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Meet the Hilgay woman who has a collection of over 100 lifelike dolls

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A bed and breakfast owner has a collection of over 100 lifelike reborn dolls, worth thousands of pounds.

Mary Flint, 76, owns Crosskeys B&B in Hilgay with her husband Bob Flint and has been collecting baby dolls for over four decades.

Her home, set against the idyllic backdrop of the River Ouse, is home to three floors of realistic dolls, each with their own exquisite outfit.

When asked how much she has spent over the years Mary said: "Oh probably thousands!"

Mrs Flint's collection is so vast that it featured on a Channel Four documentary entitled Fake Babies in 2008 and ITV's Richard and Judy.

The collector is refreshingly candid in her approach, clearly comfortable with her hobby and identity.

"This was the doll I took on Richard and Judy, and also on Fake Babies," she said, balancing a delicate little girl on her lap.


People have come to Mary's home to see her dolls, some of which have cost up to £1500.

The materials vary, some are made of silicone and their skin feels very real to the touch. A few dolls have silicone fingers that behave in a hyper-realistic manner.

Mary's husband, who is an avid horse fan, accepts his wife's hobby. She said: "When I first had them he would tell me to get them off of the bed before he came up! He's good though he accepts it, it's something that I do and he knows when the packages come what's in them."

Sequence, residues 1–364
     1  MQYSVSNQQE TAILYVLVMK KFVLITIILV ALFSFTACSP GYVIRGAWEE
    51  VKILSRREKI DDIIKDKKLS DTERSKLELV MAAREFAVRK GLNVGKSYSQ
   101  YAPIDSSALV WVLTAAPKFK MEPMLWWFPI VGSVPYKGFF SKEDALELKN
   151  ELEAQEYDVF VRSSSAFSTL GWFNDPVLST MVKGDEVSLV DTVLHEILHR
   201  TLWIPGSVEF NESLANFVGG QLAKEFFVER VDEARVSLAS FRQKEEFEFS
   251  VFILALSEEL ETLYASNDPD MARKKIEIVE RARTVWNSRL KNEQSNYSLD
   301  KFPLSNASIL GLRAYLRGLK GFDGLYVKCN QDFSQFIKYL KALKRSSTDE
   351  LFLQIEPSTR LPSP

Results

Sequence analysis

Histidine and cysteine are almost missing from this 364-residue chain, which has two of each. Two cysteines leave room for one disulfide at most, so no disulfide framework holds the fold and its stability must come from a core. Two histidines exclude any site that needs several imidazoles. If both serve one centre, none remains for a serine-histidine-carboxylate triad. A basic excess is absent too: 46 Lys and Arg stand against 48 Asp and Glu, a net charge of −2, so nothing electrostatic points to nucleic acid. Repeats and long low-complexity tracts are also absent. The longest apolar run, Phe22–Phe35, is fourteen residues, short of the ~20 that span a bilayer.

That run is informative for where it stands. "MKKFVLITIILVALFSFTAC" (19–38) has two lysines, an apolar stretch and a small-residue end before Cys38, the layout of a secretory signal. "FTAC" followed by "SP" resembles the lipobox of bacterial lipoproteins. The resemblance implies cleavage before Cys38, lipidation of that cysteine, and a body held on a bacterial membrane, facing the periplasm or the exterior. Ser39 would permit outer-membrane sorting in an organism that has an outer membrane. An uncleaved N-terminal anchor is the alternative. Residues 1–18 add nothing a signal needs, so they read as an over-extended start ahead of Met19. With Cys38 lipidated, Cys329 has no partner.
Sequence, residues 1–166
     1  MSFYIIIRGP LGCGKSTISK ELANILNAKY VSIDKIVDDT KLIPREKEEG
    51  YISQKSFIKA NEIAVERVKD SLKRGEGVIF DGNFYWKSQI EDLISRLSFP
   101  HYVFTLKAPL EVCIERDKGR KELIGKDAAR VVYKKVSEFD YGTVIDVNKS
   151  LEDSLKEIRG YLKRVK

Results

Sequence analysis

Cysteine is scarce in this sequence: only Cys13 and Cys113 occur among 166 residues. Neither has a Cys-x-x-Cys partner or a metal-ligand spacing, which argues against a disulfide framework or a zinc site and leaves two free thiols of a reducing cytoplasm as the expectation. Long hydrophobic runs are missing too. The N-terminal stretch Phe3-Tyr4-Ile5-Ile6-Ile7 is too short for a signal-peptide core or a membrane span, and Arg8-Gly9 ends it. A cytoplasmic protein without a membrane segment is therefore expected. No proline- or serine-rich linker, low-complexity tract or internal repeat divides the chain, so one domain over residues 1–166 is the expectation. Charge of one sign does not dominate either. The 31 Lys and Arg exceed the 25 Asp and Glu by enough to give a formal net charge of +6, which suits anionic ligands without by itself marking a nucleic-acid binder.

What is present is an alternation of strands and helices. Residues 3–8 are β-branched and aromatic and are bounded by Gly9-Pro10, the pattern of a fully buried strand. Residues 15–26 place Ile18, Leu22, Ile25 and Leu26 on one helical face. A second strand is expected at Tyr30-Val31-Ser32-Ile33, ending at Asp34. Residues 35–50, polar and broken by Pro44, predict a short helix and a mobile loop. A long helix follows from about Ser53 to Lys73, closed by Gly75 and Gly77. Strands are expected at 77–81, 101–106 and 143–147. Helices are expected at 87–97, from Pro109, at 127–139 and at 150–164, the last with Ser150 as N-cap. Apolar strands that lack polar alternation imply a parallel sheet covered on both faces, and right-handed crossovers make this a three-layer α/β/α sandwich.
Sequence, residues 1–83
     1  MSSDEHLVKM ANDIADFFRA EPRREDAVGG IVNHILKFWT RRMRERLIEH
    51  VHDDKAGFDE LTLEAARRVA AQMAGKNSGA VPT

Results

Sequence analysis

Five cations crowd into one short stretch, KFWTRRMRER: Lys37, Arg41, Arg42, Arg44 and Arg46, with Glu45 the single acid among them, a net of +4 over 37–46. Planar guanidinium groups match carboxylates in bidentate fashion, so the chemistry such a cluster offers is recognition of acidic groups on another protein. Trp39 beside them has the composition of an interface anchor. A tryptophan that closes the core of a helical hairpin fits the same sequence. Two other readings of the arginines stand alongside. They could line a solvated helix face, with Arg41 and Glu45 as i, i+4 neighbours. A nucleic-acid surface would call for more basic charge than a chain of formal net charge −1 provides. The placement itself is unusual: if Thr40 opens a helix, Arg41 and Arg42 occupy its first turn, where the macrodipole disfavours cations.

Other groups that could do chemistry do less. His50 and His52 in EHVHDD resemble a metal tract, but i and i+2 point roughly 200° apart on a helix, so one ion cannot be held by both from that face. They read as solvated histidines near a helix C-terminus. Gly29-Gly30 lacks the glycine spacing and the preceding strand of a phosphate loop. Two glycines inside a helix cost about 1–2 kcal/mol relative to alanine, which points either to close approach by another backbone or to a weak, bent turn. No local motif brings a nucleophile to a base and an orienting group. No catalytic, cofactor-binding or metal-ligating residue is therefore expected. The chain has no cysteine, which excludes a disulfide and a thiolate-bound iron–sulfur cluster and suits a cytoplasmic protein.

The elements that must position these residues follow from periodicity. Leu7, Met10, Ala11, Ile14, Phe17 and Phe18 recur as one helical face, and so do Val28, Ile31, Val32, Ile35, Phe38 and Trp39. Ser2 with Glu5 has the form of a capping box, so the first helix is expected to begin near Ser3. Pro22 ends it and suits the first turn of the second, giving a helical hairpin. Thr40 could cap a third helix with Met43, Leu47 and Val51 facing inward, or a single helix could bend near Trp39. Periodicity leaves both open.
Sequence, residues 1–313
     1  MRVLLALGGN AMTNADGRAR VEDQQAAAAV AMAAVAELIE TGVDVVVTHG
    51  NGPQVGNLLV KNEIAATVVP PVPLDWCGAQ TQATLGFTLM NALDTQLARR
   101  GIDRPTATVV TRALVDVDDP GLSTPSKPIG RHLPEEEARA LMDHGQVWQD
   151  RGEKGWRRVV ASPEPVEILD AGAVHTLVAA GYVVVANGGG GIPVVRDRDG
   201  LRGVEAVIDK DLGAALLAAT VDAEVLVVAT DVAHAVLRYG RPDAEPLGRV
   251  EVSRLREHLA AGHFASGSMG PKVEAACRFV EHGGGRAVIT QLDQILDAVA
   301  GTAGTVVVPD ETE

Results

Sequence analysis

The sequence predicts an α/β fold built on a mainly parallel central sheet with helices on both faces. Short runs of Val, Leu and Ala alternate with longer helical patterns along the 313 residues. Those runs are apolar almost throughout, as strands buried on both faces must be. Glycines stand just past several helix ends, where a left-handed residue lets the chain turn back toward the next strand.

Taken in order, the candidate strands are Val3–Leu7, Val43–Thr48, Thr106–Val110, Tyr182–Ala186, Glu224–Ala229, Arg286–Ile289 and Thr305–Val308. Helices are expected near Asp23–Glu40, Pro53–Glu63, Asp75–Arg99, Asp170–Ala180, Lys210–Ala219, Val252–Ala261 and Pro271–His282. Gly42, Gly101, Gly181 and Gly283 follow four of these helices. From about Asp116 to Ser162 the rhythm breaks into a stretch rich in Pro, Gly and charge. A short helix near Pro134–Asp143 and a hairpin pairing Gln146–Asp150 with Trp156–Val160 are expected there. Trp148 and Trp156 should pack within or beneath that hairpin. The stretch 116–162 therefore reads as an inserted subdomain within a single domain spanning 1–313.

The dolls have their own collection of clothes, prams and most of them are wearing a nappy - however Mary makes it clear, although she derives some comfort from her dolls and loves to dress them, she doesn't "feed" them or "change them" regularly.


She told the Lynn News: "Everyone has their own preferences, I personally like to dress my dolls and I love buying clothes. During lockdown instead of shows, we had virtual shows, so it's a chance to show what they are wearing and make a connection with others online. Some people feed them and change them every night, but for me it's a collection and it doesn't replace a child, it's different. I've always had dolls in my life in one way or another and it's just progressed since my daughter was born. People sometimes want to make it seem weird but it's a hobby, it can also be useful for those with dementia."

Mary's open manner is refreshing, and shows that the reborn community is not as hidden as it once was. With the advent of social media many reborn doll groups have been created, with thousands of members all over the globe.

Often seen as an art form, many dolls are painstakingly painted and stitched with mohair to create a realistic head of hair.

Our Reporter meets some Premature style dolls (47601813)
Our Reporter meets some Premature style dolls (47601813)

Mary said: "I like my dolls to look real, and pretty, but people like all sorts of different ones."

In recent years, doll makers have turned to making alternative reborns, which are fashioned to look like baby versions of popular characters such as Yoda, little vampires and Avatar babies.

The sight of the dolls alone is impressive to look at, and slightly surreal for a quiet village such as Hilgay, and it certainly kept Mrs Flint busy during the last year of lockdown.

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